The fruits – as they say – had finally ripened and what fell off the tree? A paper of course*. A nice fat, juicy paper about those lovely Eocene-age volcanics that lie within the Senakin Peninsula.
After a couple of decades wondering when someone would publish on the basalts and volcaniclastic sediments in Kalimantan Selatan and noting, finally, no one was, we did. However, this would not have happened without the collaboration of several people.
Firstly, there is Mike Friederich. He has worked in SE Asia for yonks and yonks and knows not just the coal, but also the formations, tectonics and structures like the back of the proverbial hand. I’ve more than doubled my age since first meeting Mike and he was there at the beginning of my studies in the mid 1980s.
Then there are my friends and colleagues Hendra Amijaya and Ferian Anggara, both professors at Gadjah Mada University in Yogjakarta. I’ve known these gentlemen less than Mike but still for over 10 years. Without their guidance and knowledge of the local geology, this project would never have succeeded.
Finally, there is Jess Trofimovs from the School of Earth and Atmospheric Sciences at Queensland University of Technology here in Brisbane. Without Jess’ knowledgeable input and patience in explaining the rudimentary basics of volcanics, this paper would have crashed and burned long ago.
An additional thanks, though, must go to Elino Febriadi and his crew at P.T. Arutmin Indonesia. Truly, without his and Arutmin’s support and help for our field trip to collect samples, no work would have gotten done and our understanding of the volcanics would have been where it was in the mid 80s. I hasten to add, however, that Pak Elino and his team always had a deep understanding of the interrelationships of the basalts, volcaniclastic sediments and their relation to the surrounding marine and fresh water sediments. They have been drilling them for decades. We are deeply grateful to them for sharing their knowledge freely.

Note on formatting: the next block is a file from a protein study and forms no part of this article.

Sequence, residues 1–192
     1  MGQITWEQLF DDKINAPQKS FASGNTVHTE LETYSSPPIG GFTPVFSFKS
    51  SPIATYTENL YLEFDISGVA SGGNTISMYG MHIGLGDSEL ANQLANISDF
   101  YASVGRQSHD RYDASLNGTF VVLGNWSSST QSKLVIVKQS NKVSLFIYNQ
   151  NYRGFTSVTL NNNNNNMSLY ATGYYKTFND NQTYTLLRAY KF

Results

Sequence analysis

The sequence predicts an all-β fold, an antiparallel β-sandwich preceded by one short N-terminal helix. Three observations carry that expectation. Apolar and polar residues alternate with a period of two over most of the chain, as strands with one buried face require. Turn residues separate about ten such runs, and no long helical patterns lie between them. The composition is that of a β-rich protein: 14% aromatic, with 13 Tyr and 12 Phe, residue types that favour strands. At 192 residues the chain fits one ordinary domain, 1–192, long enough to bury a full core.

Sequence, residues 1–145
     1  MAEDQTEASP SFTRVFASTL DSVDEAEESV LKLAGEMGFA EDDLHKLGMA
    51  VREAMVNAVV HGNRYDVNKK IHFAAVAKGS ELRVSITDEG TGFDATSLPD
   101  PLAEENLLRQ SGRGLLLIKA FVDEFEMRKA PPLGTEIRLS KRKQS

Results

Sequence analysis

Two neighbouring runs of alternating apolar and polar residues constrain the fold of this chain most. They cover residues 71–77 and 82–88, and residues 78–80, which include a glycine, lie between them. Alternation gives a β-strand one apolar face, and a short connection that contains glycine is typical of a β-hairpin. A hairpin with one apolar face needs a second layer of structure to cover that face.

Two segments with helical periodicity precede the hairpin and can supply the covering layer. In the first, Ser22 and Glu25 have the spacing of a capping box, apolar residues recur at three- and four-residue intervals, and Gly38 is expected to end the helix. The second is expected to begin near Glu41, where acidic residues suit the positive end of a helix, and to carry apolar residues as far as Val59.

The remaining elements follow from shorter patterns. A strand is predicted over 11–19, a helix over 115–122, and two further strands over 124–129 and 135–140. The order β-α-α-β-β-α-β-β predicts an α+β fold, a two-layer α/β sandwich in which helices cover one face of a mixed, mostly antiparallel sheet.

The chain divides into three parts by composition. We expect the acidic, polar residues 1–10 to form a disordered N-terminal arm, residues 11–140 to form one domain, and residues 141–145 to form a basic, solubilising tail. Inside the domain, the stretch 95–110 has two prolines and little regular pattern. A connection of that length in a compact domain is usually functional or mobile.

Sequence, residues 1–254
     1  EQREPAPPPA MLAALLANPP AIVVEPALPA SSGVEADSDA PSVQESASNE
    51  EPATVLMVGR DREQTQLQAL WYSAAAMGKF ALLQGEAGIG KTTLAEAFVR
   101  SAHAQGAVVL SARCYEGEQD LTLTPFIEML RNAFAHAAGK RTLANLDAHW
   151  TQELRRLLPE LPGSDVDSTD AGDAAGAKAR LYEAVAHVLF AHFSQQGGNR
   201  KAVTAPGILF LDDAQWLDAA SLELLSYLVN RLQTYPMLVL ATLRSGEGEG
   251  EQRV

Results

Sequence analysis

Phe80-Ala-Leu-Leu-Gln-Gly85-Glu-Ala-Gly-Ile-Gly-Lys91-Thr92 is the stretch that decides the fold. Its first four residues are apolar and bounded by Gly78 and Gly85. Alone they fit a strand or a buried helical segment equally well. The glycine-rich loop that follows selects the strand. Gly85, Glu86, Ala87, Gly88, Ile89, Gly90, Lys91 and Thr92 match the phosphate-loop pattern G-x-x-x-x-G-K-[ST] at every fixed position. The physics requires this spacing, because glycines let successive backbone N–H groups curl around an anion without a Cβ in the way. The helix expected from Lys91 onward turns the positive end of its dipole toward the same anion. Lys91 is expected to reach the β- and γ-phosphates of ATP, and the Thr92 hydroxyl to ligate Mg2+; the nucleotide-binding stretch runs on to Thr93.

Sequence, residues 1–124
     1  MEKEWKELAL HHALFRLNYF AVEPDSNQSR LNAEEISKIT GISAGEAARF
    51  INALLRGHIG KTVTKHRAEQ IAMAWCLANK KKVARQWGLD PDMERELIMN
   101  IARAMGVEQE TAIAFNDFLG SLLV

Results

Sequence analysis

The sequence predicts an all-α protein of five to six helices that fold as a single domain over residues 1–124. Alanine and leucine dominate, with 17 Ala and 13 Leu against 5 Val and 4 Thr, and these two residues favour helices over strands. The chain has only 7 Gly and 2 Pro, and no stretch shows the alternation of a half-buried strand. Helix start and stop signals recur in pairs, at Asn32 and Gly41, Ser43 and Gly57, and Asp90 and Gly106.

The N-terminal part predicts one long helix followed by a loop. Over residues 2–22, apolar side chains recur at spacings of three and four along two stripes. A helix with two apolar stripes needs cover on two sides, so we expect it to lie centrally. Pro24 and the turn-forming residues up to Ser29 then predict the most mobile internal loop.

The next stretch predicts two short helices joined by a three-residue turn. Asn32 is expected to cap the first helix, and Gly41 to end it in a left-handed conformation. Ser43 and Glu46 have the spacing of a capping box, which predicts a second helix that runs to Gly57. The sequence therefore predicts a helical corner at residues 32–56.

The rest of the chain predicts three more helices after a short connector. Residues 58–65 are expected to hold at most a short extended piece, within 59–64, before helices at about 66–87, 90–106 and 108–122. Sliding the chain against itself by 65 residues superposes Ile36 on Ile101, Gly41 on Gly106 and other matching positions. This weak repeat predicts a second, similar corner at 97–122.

The paper (see link below) is the first of three. The second paper will focus on the geochemistry of the basalts and volcaniclastic sediments and their origins. The third paper will synthesize the first two papers plus what is known about other volcanic rocks in the Tanjung Formation and equivalents elsewhere in Sulawesi and try to make sense of what it all means. Stay tuned.
*Moore, T.A., Friederich, M.C., Trofimovs, J., Anggara, F., Amijaya, D.H., 2020. Syn-sedimentary mafic volcanics in the Eocene coal-bearing Tanjung Formation, Senakin Peninsula, South Kalimantan (Borneo), Indonesia, Indonesian Journal on Geoscience, v. 7, No. 1, 65-85.
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